This included a wide range of customer information and education projects. However, much of this work was unstructured and benefits indeterminate. Accordingly, the water companies and the regulators began to collaborate on research. The emphasis was on producing agreed definitions and frameworks so that regulatory debate could then concentrate on results and policy.

UKWIR had been established following privatisation to carry out collaborative research on behalf of its members, the UK water utilities. It was benefiting from this changing atmosphere and the water-efficiency projects included funding and participation from the regulators and Government.

In particular, there was The Economics of Demand Management, completed in 2002, that examined the marginal costs of demand-management measures so that they could be compared properly with more traditional sources of water supply. Shortly after followed The Economics of Balancing Supply and Demand for Water, which further explored supply and demand balance issues and how to determine a least-cost investment programme.

These projects helped to establish a continuity in UKWIR water-efficiency research. In the lead-up to 2004 water-company business plans, it was apparent that many of the water-efficiency initiatives carried out to date had not produced statistically robust results. This was often due to poor design, inadequate budgets or the temptation to try to achieve too much within a budget.

To address this, the water companies, in collaboration with the EA, carried out a new major project, Quantification of the Savings, Costs and Benefits of Water Efficiency. The contractor, Entec, examined 14 water-efficiency projects in detail and produced a best-practice blueprint on how to design, to budget for, to carry out and to analyse the data for a water-efficiency study.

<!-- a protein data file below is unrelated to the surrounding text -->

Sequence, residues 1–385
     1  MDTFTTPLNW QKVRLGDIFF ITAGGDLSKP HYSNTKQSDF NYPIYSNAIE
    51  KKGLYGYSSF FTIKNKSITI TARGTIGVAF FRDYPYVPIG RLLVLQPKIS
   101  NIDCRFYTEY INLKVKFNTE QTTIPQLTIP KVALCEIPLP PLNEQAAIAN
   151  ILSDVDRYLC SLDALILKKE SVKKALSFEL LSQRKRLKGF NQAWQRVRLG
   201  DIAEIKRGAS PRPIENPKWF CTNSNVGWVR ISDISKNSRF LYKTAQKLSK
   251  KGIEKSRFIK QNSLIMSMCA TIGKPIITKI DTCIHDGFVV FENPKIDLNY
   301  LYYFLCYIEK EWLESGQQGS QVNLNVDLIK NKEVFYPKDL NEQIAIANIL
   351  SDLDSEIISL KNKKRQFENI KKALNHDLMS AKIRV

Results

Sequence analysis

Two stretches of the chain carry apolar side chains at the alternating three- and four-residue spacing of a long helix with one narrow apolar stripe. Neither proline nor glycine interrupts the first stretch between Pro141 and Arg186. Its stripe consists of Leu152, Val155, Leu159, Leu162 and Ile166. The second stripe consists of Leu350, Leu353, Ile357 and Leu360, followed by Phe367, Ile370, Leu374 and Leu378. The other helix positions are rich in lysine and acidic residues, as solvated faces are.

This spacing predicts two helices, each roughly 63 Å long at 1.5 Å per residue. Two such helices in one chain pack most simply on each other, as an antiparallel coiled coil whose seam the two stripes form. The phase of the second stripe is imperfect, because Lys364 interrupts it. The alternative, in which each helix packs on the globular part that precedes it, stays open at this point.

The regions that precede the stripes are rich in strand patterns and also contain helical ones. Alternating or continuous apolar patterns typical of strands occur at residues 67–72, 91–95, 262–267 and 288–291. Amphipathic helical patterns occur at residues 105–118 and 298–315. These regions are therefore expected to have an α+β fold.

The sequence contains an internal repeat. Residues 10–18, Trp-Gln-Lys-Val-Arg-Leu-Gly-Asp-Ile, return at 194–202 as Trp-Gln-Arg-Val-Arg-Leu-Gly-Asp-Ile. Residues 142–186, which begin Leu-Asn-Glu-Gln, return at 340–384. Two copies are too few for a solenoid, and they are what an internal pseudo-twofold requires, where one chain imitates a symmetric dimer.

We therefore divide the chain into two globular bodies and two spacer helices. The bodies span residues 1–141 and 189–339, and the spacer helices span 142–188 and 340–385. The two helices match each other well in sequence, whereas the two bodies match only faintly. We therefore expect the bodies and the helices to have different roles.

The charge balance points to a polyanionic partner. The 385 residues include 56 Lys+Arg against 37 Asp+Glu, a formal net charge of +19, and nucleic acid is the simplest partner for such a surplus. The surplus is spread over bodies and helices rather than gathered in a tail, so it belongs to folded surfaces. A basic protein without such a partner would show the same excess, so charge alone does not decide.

As interest in demand management grew, the number and quality of the water-efficiency initiatives increased steadily and the next logical step was to procure the most recent project, Sustainability of Water Efficiency Measures (SWEM). This set out a framework (Fig 1) for evaluating the results of all kinds and scales of water-efficiency measures carried out over the country. Some of these are simple measures such a placing a cistern-displacement device in a WC.

Others are more complex comprising multiple water-efficiency measures such as water audits combined with fitting new taps and showerheads together with providing water-efficiency advice. Fig 2 shows the range of water-efficiency measures assessed in the project.

SWEM also produced a best-practice framework (Fig 3) that also illustrates how the current project builds on the earlier research. The framework quantifies the sustainability of water-efficiency measures that bring together the best practices, also identified by the project, and shows how demand-management measures fit within the Economics of Balancing Supply and Demand (EBSD) mechanism.

The long-run marginal costs were calculated in the case of 21 projects, where there was sufficient data, using the formula:


Where IC = Implementation Costs (actual and projected); WS = Water Savings (actual and projected) and using a 5.5% discount rate for a ten-year horizon.

This approach means water-efficiency measures can be compared on an equitable basis with other demand management and resource options to maintain the supply and demand balance. One benefit of the project has been to identify where the industry needs to put in more effort. For example, there needs to be greater targeting of internal tap use and on promotion and publicity there needs to be greater focus on peak periods and the longer-term.

In the case of rainwater harvesting, there should be more examples of different-sized systems that also include the effect of variations in weather. For washroom measures, there should be an emphasis on obtaining the optimal mix of measures.

There is a risk that the benefits of water-efficiency research are lost if there is no funding to update the findings at appropriate intervals. This is especially true as new and better data becomes available that can provide more robust findings. To address this, the contractor, WRc, designed a web-based tool so that UKWIR members can update and extend the existing database of 44 projects with new data. The tool provides a structure that should help users improve project design and hence assist in producing better results.